Can also use this on exhaust tips and suspension pieces that might be visible.


Rinse from top to bottom.

Take 1 clean mitt to begin your wash. Each wash mitt should be flipped 1 time then returned to the rinse bucket.

You should be able to get about 2 panels per cycle. We normally start at the roof and work down.

Since most of the dirt will be focused on the bottom of the panels, try to only wash half way down before rinsing the mitt out.

Pop your gas cap and take the body boar's hair detail brush and clean one of the most overlooked areas.

Take a microfiber towel and make sure all your wheel arches and side view mirrors and all the other hard to reach areas have been cleaned.

Rinse Entire car and overview your work. This is normally where any "missed" spots are going to show. Take a microfiber to the wheels for any areas that you can see remaining dirt.


Now this is where your coated vehicle will shine. You should not need to decon the vehicle nearly as often if washed regularly. If you do however you can use a fine clay mitt and shouldn't need much more than wash detergent after your initial hand wash

Claying is easy. Lubricate and wipe. You can almost hear how bad it is when you are doing it, and once you can no longer hear the "scratching" then move off. The trick here is that it is NOT about pressure, but about FRICTION. You do not have to SCRUB when claying. Depending on just how bad the paint is, Knead the clay or rinse the block often. (Benefit of the block for the amateur: if you drop it, which you probably will, you can rinse it off and go. Clay you are normally not so lucky.) Take the ONR solution and mix according to instruction for "clay lube" (note: this can be used as a supplement in your wash water or as a waterless wash altogether). I also like the clay mitts as you are able to combine 2 "steps" into one while washing. (Wash on "rag" side, then clay on the "clay" side, rinse repeat)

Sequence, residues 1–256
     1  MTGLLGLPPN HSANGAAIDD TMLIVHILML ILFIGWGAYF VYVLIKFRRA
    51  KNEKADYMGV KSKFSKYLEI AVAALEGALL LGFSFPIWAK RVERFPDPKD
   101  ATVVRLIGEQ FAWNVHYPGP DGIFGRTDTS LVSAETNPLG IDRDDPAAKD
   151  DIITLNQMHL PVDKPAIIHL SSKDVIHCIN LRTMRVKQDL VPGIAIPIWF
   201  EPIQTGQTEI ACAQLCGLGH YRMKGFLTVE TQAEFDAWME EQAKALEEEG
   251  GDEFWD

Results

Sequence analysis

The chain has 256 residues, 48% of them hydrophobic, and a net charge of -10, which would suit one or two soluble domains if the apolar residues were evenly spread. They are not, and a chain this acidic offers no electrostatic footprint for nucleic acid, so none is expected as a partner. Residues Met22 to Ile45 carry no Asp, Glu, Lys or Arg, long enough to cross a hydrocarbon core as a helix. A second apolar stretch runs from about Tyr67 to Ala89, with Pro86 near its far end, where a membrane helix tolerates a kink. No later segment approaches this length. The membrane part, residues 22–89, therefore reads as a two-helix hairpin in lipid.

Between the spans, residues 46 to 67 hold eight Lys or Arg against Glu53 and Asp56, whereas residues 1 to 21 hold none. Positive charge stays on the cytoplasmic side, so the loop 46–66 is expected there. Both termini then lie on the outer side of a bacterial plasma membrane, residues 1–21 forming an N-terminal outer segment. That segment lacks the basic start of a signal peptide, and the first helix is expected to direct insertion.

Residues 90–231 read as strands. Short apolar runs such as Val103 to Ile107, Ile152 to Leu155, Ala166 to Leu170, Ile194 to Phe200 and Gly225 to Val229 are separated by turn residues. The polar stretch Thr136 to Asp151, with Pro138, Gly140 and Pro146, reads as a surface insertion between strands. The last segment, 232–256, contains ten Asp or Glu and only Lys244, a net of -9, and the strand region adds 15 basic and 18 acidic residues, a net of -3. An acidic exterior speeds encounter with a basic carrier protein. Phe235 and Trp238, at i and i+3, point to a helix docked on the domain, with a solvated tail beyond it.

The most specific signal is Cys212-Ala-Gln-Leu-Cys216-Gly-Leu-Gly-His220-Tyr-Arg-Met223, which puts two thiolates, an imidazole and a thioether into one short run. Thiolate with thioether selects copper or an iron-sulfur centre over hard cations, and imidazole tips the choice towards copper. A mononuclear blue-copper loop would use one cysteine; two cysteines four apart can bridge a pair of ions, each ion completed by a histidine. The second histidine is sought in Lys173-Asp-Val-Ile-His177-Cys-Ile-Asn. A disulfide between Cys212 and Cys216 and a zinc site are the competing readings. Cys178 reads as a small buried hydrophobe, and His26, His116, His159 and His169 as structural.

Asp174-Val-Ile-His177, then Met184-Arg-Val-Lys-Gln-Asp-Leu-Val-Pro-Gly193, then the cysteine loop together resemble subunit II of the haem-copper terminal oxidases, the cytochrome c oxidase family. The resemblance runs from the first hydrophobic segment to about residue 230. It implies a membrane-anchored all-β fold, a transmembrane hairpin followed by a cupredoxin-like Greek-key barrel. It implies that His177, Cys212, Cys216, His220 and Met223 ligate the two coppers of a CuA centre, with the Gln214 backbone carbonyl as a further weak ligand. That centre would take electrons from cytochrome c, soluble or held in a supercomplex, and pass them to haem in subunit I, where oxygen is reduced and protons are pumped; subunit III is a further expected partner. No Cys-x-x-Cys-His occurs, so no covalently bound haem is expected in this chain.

We normally then go over the vehicle with 1 more round of washing to make sure no residue from the clay is left over. For those of you in the "car wash" bay, flip it to "Spotless" to use the deionized water which will aid in drying and avoid type 1 water spots.


While there are a number of topping agents that are now available to use to help boost performance of your ceramic coating this step is really focus more on getting the vehicle dry which should take no time at all.

We suggest a dedicated electric leaf blower and our trusty dreatnaught towels and the whole process shouldn't take much longer than a minute or two.

Throughout the week we love having a small spray bottle of some 10:1 Wipeout from ADG to catch any bird droppings and bug etchings you match catch along the way! We never want to directly wipe any foreign material into our vehicle, especially dry, the Wipeout ihas great emulsion and that will assist the lifting ability of the coating.